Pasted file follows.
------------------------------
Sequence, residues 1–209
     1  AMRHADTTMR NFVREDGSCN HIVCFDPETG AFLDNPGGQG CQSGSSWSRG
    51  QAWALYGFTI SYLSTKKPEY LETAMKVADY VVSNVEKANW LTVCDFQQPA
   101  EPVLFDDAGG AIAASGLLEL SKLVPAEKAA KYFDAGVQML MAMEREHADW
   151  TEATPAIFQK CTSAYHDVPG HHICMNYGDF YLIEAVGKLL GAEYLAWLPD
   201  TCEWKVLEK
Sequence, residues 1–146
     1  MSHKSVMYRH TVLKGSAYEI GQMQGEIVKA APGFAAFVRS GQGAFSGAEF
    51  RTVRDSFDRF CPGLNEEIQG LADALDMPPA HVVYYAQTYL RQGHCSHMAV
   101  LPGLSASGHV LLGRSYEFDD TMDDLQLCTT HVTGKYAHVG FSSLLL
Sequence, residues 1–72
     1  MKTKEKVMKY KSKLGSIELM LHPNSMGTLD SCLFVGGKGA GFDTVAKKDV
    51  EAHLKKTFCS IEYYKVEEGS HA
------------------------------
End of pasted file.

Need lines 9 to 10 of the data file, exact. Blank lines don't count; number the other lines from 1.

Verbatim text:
    51  RTVRDSFDRF CPGLNEEIQG LADALDMPPA HVVYYAQTYL RQGHCSHMAV
   101  LPGLSASGHV LLGRSYEFDD TMDDLQLCTT HVTGKYAHVG FSSLLL